When I bragged to someone local who was sophisticated enough about blogging to know what I was talking about that “prairiemary.blogspot.com” sometimes gets 1,000 international hits if the topic is hot, that person said, “Well, of course, everyone wants to know about small town life — it’s the American dream.” Mostly this means that this person doesn’t follow my blog, because that’s not exactly my message and I don’t always write about Valier. But maybe I should do it more.
My parent generation was the one that moved from the farm to the city. My grandfather immigrated from Scotland to South Dakota as a young adult homesteader. I lived in Browning on the nearby rez throughout the Sixties, the Peace Corps years, but was part of the white town component. Just sayin’. My step-daughter, who was a year old than me, graduated from Valier High School, married here and had four children here. This history made me feel related, though not entitled, to the town.
But locals still assumed that I was from “outside” and needed to have the town explained to me. It is part of their identities to know the “reality” of their small irrigation-based town and to be the “explainers.” But they didn’t tell me the things I really needed to know. Maybe they didn't realize them anyway.
If you are thinking of relocating to a small high prairie town, look at the transportation options, esp. in terms of weather. In spite of global warming, one reason these towns are shrinking, which makes a lot of old housing available for what sounds cheap to an urban person, is that unless you have a good car and the roads are open, you’ll be separated from the hubs of trade and services, including hospitals.
Even the county hospitals are under strong economic pressure and to say that about the younger doctors is to belabor one of the injustices of our economic system that lets universities exploit the notion that doctors make a lot of money. With a major debt hanging around their necks, they HAVE to. Medicine itself has changed, addressing chronic conditions with regular blood draws and med adjustments that require you to be there. However, I’ve figured out that I can get blood drawn in our little satellite clinic and then sent to a lab who will report to my Great Falls doc.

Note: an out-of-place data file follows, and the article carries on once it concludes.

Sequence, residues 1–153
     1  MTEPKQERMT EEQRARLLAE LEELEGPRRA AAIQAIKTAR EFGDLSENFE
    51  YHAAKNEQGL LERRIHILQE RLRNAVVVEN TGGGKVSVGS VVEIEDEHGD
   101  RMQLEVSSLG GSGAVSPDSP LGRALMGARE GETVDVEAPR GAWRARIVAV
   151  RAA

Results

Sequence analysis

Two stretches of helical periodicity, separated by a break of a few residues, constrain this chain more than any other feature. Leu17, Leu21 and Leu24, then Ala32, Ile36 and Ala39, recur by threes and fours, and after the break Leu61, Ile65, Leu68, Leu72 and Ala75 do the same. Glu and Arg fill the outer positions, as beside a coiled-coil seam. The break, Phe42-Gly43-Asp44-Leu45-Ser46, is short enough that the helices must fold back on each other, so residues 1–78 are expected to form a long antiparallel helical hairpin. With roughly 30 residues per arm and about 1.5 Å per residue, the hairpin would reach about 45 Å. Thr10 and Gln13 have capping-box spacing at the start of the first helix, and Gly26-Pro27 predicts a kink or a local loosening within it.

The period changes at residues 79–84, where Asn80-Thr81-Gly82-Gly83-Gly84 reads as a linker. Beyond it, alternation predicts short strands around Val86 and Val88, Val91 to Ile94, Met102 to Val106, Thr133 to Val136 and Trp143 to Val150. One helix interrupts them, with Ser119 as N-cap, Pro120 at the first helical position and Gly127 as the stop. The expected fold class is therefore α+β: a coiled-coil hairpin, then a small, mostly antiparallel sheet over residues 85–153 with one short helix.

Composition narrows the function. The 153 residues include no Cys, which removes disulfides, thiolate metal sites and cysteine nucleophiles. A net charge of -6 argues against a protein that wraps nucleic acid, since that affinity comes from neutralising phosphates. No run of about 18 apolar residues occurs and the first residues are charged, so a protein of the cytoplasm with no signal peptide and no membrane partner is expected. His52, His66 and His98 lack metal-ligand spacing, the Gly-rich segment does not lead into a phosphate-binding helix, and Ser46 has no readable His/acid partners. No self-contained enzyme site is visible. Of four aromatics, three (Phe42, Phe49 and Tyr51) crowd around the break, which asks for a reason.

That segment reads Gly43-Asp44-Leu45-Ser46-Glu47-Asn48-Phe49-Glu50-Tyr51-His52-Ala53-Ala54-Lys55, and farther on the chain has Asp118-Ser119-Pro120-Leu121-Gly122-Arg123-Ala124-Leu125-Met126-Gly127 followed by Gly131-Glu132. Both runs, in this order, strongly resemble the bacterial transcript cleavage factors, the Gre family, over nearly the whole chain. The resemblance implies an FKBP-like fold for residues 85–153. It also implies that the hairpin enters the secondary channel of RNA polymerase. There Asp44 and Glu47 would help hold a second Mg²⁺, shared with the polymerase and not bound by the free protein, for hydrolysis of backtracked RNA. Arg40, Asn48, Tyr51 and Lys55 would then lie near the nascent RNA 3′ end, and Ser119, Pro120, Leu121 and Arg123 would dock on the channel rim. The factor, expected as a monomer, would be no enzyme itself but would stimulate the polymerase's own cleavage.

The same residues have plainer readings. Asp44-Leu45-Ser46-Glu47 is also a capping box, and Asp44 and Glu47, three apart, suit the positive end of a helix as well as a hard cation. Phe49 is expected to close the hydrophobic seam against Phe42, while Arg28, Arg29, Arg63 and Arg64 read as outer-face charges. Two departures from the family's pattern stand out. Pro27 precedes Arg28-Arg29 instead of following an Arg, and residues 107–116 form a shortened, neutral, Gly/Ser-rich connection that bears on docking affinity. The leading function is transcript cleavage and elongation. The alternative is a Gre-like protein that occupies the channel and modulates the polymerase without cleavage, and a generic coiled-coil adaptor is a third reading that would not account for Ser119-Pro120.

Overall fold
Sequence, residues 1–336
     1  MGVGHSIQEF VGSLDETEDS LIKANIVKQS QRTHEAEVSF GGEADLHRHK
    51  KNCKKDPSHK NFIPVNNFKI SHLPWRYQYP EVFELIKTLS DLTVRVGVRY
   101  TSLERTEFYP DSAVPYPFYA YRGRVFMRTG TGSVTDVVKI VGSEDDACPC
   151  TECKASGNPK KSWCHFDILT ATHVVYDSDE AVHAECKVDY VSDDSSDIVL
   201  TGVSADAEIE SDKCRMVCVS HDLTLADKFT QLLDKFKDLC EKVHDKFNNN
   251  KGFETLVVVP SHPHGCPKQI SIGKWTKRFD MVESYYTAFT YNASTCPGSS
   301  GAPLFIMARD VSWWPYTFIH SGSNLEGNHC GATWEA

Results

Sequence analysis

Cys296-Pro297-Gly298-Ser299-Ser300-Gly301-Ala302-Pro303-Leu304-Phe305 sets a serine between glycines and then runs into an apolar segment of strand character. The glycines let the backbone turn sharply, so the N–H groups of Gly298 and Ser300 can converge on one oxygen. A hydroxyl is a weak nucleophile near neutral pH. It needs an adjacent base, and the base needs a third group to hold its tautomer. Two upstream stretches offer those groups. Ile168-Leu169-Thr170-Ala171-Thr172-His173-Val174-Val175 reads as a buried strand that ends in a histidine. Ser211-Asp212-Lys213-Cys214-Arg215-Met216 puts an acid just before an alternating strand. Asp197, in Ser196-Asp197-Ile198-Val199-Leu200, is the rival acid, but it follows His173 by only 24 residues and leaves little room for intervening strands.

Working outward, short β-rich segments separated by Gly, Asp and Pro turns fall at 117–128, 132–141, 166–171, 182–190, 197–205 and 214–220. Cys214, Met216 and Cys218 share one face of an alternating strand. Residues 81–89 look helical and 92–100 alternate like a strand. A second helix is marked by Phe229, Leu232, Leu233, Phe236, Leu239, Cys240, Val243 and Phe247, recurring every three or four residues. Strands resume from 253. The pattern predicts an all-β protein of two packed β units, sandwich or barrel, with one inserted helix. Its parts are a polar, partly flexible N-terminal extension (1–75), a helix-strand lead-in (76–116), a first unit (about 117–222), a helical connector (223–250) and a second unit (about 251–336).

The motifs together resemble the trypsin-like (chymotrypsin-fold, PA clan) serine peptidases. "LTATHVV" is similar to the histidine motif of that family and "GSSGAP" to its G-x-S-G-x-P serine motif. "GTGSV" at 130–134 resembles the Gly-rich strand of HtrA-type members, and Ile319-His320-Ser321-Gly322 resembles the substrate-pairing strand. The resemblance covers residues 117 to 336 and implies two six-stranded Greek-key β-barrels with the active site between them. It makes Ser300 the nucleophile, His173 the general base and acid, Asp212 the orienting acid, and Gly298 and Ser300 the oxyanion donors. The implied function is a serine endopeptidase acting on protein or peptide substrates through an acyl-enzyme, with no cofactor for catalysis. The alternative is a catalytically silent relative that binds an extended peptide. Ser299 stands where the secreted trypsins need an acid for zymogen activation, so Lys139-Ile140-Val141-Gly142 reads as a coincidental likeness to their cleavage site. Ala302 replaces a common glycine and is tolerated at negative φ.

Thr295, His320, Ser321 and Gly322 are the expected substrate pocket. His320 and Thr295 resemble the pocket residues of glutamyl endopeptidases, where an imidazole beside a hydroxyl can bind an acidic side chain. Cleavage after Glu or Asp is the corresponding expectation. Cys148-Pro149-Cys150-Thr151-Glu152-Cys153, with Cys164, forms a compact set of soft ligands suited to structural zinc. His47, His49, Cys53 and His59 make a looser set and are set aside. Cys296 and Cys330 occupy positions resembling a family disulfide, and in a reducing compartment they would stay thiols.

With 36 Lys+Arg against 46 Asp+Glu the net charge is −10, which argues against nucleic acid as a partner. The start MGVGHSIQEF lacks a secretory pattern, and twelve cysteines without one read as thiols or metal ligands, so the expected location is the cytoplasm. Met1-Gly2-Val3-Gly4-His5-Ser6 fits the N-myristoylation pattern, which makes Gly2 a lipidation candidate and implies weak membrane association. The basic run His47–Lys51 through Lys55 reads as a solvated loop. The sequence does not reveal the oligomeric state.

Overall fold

Browning has so many people on dialysis that they have started their own center, but it meant having to rework their town water supply to get high quality water. But the rez town water supply is in political/economic gridlock. Valier’s problem is finding aquifer flows in spite of being next to a lake where the water is owned by the irrigation company. Funding state-required improvements makes the fees go up.
Infrastructure like water supply and sewage systems was originally created when these towns were first founded, which was about a century ago, a little beyond the lifespan of pipes and lagoons. The same is true of the big trees, often brought in from a different ecology that was wetter and had a lot less wind. They have aggressive roots that burrow into foundations and water lines, but drop limbs easily. Electricity and gas grids in town are owned in South Dakota. They try to make sure of prompt local responses but, like everything else, poles and pipes age and are vulnerable. It’s strange when the town is blacked out but the wind farm which we can see from here is still pumping out the “juice.” Unless it’s blowing so hard they have to be locked down to keep them from sailing off to the moon.